VitalSecurityVPN only provides a very general logging policy: "We do not keep any records or monitor your traffic and sites you visit." That's reassuring, but the best services give us a lot more detail.
Finjan is based on Avira's Phantom VPN, which does provide some extra privacy-related information on its own site. This isn't guaranteed to apply to VitalSecurityVPN, but it's a starting point.
Avira says that PhantomVPN doesn't log your real IP address (when you connect) or the virtual IP addresses you're allocated within a session, the websites you visit, or "any information that can link you to any action, such as downloading a file, or visiting a particular website."
PhantomVPN does log the amount of data you've used, whether you're a free or paid user, and – optionally – ‘diagnostic data’, which typically means details like program crashes or connection errors. There's nothing surprising in that, and many VPNs record considerably more.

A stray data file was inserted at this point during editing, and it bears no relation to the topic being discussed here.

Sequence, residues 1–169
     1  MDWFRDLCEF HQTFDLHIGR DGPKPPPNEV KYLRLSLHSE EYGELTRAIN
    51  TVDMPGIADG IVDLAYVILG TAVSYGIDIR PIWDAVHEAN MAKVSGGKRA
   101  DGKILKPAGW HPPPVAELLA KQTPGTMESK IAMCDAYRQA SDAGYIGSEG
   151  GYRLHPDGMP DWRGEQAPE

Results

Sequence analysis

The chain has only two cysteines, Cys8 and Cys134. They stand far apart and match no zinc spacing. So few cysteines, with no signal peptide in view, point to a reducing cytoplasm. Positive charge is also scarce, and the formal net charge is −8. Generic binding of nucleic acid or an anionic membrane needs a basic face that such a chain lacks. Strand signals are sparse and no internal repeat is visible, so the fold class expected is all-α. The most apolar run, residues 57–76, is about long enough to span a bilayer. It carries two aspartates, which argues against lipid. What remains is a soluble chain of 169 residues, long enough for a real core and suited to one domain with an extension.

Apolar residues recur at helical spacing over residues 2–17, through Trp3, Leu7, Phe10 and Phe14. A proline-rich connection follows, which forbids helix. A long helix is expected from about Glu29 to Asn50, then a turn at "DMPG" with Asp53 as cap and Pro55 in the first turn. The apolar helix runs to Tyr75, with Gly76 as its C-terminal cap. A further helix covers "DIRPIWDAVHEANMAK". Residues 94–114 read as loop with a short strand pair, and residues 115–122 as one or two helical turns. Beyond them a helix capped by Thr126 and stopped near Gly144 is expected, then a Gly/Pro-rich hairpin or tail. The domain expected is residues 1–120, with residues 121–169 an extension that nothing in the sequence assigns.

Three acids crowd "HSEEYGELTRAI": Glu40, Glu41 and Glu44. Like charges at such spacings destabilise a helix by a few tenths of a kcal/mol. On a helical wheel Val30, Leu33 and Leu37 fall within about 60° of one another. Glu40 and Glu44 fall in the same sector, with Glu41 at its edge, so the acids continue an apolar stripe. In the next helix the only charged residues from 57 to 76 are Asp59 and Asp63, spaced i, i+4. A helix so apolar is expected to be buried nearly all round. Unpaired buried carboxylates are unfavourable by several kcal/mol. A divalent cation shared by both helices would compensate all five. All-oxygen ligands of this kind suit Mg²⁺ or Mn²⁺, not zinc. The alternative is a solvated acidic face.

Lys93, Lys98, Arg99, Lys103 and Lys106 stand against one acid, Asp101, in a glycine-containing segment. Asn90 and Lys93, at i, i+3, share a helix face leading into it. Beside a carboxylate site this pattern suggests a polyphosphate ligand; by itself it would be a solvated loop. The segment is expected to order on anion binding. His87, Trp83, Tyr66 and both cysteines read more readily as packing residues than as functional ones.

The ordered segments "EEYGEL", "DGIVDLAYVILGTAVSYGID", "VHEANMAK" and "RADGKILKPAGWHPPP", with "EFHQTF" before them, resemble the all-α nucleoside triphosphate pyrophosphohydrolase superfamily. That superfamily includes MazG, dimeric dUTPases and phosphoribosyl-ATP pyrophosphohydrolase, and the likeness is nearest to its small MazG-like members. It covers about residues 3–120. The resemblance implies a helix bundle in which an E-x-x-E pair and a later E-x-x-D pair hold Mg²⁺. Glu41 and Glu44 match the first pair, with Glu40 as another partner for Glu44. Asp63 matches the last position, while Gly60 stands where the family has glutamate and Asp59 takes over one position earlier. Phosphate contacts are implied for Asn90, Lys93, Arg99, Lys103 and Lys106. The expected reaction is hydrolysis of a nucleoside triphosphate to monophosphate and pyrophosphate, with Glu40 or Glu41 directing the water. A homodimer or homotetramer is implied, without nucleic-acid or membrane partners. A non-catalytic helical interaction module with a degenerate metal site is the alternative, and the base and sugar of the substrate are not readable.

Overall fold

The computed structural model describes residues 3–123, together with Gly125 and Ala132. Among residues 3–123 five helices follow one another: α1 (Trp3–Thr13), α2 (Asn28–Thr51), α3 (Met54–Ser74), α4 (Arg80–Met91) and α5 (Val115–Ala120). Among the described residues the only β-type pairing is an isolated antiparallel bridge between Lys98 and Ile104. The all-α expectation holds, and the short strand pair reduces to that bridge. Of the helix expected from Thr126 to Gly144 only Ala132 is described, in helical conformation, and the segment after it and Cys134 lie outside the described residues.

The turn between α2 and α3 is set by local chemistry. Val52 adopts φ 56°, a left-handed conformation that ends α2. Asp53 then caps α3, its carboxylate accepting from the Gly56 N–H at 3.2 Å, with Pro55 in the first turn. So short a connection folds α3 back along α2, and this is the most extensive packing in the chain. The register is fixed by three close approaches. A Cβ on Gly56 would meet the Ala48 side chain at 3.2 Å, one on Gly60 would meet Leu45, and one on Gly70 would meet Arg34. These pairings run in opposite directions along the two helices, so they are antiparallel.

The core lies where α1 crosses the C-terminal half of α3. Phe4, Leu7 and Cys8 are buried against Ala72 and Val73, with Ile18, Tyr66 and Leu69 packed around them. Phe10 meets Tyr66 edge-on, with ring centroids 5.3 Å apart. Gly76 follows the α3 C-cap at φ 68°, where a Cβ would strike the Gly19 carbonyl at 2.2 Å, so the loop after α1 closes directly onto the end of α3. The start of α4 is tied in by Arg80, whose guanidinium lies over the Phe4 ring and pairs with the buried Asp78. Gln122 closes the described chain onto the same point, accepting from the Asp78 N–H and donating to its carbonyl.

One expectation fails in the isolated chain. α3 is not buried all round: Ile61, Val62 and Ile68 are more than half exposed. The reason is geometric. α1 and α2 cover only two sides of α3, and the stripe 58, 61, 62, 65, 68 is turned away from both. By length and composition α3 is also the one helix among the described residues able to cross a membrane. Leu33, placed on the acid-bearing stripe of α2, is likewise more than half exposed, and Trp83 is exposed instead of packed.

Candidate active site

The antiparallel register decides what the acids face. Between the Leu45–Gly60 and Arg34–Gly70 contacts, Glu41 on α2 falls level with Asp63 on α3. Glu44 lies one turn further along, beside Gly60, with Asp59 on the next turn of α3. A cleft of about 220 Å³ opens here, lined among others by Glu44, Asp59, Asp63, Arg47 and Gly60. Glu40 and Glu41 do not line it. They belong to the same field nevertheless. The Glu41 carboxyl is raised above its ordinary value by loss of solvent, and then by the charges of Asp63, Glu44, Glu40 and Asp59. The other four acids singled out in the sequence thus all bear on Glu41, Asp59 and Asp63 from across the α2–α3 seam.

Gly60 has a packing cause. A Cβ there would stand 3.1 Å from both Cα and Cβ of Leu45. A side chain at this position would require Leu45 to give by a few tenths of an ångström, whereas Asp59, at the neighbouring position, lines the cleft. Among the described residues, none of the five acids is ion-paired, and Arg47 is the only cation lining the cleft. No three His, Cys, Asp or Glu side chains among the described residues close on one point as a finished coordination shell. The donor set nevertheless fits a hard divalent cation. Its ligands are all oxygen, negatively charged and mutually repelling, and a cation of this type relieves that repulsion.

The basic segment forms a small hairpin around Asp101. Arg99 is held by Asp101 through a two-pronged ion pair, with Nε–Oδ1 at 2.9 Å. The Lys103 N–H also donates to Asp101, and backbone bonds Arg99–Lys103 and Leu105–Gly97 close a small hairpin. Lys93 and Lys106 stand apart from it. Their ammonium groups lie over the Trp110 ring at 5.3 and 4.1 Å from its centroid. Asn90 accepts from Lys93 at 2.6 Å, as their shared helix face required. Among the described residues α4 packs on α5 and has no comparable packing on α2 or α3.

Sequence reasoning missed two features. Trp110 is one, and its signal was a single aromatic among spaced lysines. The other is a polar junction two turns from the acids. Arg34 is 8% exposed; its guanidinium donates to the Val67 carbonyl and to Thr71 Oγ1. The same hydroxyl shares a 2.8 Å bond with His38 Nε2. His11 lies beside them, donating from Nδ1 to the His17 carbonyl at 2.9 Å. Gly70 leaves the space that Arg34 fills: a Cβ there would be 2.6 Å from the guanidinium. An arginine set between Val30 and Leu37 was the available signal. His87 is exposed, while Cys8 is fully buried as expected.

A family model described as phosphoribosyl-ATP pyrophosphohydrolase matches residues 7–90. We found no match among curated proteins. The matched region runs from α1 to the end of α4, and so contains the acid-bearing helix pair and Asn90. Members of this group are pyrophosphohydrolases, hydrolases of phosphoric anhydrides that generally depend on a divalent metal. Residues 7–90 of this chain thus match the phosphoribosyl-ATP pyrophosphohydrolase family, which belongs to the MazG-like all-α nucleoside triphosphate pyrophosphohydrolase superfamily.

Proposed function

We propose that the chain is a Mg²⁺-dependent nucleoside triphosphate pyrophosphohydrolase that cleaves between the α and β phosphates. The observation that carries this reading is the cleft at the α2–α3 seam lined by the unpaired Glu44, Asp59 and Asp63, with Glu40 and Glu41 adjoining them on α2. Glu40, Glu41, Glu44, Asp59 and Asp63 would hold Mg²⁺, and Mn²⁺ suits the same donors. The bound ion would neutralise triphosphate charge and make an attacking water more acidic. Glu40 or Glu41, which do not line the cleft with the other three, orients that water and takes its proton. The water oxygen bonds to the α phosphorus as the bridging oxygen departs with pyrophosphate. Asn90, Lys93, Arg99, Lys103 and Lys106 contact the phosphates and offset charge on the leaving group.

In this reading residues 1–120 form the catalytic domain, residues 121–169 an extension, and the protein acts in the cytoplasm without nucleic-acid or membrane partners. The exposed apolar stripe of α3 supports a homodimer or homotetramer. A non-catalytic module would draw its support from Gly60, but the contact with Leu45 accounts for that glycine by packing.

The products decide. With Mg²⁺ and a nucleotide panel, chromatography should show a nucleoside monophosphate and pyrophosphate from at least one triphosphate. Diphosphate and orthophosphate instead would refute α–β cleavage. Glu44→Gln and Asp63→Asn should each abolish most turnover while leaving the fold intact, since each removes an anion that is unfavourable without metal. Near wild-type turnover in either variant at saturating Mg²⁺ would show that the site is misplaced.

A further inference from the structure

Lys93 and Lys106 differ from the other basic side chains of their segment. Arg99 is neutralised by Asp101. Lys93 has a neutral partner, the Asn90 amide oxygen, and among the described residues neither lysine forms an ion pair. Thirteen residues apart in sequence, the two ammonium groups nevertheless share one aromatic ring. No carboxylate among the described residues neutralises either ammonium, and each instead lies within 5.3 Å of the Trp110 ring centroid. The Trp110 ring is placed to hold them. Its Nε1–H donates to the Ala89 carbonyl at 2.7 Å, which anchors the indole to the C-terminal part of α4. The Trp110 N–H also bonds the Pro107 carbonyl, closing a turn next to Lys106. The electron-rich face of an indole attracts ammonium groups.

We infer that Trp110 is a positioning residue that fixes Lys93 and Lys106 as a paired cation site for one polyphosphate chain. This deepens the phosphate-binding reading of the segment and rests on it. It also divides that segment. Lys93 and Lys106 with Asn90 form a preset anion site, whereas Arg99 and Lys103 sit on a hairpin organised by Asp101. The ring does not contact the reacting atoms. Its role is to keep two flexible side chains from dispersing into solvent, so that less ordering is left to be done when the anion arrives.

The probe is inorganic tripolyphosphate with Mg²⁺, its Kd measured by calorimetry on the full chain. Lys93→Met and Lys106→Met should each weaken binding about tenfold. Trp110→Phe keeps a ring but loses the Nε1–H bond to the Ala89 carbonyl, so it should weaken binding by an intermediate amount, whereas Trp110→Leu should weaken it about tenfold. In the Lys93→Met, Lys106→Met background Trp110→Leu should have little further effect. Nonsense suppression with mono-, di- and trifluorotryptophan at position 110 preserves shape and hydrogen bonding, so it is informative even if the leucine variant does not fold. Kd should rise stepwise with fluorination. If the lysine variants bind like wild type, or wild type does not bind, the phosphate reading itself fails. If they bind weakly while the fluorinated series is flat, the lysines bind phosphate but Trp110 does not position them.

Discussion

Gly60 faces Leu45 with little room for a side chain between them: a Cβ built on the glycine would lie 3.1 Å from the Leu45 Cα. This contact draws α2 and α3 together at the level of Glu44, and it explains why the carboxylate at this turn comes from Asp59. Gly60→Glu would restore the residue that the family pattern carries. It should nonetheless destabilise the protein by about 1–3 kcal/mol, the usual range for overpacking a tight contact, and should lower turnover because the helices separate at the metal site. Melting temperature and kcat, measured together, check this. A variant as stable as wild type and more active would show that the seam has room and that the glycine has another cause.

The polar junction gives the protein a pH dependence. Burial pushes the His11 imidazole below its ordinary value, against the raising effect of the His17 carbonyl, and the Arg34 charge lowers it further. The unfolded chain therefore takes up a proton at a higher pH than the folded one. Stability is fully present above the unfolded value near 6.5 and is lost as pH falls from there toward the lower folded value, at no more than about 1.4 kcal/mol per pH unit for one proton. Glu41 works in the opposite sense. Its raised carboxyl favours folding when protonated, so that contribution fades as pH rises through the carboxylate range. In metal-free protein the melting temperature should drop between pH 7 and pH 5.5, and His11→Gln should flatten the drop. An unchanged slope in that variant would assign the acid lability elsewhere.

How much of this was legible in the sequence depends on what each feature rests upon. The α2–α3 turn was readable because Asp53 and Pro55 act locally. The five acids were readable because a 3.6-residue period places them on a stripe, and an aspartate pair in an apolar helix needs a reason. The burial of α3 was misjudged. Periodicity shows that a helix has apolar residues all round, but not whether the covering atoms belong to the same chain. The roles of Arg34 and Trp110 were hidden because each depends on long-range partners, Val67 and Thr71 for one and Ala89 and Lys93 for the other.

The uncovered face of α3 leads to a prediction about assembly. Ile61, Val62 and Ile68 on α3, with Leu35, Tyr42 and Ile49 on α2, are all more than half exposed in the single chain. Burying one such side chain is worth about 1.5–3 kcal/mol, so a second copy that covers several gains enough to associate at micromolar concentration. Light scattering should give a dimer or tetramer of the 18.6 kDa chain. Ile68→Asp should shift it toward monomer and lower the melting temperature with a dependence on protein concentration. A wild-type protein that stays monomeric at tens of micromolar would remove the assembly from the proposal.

VitalSecurityVPN installed without any difficulty on our Android device. We launched it with a tap and it fired up a very simple tutorial covering the basics.
Enabling the VPN is simple, and a couple of taps will connect you to the nearest location. Alternatively, you can choose from more than 20 locations across North America and Europe, along with Brazil, Singapore, Hong Kong, Japan and Australia.
The app connected quickly during testing, and it began to update in real-time to show the amount of data we'd used. If you're hoping to use the very limited 500MB/1GB free plan, that's going to be a very important detail.